Business as usual for us. Have a number of deployments in design phase right now. Since the particulars are still fuzzy from Citrix, can't ask clients to wait. Just have to take what we do know (and you've done a good job of laying that out for us in your blogs), and applying those as appropriate to our projects. No migration path not a big deal, as Shawn point's out - we would usually just build a parallel environmnet anyway and then just consolidate with WI as the front-end. Just update the VHD and away we go.

My concern was actually around the changes to the datastore. Old design didn't require much in the way of a SQL box, or HA (LHC took care of HA needs). New design sounds like it will be a more critical piece to consider during design, with regards to both perf and HA.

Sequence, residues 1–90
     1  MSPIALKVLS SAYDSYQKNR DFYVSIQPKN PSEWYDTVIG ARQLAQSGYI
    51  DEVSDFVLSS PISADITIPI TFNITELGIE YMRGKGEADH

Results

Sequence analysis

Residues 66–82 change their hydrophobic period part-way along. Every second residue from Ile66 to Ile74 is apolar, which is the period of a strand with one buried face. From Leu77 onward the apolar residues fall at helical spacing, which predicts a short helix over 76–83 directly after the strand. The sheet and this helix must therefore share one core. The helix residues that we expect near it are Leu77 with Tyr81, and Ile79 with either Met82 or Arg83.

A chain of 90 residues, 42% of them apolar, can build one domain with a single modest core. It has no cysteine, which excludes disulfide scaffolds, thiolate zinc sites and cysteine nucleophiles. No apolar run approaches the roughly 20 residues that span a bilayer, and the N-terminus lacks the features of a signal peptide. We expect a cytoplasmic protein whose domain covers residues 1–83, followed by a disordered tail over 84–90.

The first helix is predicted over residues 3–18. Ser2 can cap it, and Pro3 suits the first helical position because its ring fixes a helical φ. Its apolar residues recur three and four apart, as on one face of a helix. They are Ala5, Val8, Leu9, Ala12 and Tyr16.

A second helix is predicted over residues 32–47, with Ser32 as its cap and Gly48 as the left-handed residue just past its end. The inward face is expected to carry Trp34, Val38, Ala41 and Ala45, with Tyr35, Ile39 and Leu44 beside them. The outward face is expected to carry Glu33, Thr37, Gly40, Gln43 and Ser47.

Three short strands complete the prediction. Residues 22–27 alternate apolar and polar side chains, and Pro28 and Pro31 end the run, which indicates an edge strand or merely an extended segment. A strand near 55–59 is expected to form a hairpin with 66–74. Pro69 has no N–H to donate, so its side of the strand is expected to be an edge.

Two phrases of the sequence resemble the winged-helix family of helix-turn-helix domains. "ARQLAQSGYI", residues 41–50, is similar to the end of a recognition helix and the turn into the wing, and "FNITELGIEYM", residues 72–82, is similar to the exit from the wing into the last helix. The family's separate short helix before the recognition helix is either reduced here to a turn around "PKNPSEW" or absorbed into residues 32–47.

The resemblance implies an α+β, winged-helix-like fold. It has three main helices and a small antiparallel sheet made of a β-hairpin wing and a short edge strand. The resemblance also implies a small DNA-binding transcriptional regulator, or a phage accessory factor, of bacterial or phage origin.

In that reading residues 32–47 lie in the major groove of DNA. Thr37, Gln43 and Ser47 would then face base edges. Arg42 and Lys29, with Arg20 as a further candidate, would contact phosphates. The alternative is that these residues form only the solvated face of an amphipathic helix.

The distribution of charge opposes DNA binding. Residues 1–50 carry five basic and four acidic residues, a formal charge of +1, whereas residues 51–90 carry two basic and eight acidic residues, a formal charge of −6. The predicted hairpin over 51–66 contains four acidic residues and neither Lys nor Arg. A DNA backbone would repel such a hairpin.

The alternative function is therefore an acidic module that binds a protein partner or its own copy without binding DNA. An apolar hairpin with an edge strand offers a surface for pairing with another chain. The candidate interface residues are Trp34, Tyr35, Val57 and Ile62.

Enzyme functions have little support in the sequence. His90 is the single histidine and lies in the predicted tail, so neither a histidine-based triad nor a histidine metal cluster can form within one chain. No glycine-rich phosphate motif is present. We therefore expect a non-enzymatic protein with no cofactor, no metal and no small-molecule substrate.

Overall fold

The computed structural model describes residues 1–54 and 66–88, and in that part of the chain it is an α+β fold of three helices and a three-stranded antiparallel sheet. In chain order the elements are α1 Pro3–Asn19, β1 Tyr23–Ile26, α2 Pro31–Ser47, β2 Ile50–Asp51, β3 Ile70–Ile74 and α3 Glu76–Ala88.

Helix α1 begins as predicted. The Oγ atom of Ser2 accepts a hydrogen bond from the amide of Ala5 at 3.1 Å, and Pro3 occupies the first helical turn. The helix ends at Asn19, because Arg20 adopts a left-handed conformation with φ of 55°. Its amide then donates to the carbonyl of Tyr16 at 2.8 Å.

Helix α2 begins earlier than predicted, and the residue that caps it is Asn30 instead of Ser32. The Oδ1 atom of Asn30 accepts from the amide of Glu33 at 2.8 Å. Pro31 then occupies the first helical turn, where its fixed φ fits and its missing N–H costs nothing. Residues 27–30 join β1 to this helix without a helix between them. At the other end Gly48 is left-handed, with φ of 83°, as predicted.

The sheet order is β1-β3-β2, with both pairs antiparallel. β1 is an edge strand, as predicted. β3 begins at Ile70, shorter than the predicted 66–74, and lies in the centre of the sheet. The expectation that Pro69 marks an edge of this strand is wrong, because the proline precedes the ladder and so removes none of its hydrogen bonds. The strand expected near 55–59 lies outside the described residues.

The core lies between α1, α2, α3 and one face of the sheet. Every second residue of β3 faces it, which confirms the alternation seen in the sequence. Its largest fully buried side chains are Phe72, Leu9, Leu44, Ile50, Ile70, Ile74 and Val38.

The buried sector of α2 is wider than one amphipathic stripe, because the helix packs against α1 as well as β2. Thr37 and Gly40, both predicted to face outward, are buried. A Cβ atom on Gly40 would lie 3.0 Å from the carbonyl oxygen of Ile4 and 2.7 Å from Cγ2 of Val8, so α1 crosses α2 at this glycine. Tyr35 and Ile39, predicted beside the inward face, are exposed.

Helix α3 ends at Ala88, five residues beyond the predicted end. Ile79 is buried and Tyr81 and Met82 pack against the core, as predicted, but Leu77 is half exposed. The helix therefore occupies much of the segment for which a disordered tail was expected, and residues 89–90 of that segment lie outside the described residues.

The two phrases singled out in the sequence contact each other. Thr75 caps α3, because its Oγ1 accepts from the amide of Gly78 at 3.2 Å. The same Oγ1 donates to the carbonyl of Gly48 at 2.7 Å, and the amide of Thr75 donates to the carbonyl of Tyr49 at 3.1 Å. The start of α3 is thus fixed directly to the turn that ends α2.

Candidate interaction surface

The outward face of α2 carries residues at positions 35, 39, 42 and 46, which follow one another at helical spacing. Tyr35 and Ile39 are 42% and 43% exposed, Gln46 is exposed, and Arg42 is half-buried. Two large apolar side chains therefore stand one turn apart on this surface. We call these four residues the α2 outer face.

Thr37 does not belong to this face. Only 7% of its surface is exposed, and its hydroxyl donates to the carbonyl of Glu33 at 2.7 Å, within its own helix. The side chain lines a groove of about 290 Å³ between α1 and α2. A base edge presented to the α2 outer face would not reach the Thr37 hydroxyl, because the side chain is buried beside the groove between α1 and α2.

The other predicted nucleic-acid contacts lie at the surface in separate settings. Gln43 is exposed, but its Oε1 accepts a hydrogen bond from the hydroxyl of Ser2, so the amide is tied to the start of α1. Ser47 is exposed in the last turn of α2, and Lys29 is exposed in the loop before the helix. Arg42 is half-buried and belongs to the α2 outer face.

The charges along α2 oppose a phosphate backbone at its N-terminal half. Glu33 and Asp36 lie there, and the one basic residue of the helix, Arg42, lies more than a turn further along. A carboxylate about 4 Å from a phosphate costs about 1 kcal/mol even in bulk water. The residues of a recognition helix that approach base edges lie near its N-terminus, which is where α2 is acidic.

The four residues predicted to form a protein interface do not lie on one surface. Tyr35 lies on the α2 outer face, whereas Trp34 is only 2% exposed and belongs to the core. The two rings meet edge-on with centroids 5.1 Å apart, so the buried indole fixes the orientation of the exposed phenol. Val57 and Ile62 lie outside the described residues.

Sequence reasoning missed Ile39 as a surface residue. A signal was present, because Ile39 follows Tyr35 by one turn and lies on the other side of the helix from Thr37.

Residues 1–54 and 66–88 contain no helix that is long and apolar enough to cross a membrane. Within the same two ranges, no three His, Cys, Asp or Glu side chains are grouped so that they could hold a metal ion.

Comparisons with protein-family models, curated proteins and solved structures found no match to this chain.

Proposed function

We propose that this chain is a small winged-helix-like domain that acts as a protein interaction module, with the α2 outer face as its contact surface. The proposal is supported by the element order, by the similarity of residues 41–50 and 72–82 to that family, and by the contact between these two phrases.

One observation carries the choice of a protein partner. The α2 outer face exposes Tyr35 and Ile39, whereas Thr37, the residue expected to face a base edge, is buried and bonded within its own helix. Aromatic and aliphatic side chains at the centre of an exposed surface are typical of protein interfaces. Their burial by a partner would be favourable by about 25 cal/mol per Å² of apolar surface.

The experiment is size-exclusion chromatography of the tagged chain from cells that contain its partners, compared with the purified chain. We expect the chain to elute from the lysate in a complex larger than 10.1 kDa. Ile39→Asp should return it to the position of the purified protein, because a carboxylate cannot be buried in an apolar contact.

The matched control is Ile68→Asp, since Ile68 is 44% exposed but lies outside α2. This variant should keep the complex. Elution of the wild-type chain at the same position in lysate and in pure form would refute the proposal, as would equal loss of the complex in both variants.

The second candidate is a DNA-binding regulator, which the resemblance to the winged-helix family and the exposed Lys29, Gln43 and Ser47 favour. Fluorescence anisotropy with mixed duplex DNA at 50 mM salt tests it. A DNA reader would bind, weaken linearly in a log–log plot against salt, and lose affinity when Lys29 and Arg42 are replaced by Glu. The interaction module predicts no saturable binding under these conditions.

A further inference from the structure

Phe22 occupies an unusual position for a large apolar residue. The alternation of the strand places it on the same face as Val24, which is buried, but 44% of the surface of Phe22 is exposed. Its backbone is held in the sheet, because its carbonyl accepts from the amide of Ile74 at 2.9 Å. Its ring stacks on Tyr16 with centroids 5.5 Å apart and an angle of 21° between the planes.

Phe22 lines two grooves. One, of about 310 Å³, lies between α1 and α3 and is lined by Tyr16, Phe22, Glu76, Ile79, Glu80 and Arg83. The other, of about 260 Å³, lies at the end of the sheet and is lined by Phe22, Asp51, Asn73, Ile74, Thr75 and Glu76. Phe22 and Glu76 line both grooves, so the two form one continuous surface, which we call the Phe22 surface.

I’m quite of the same opinion that @Daniel stated, aka. (trash), refresh and build anew.

As already expressed the actual VMs along with the user settings can be kept and moved to the new platform rather effortlessly.

Here, like in most other “upgrades” my position is of that of building afresh and transferring over the bits that one likes to keep.


@ Stephen Rae, there are two options in XD5.  Images can be provisioned from Machine Creation Services (I think) in smaller environments which is somehow integration with the broker, or for larger deployments (250 plus) I beleive PVS is still recommended.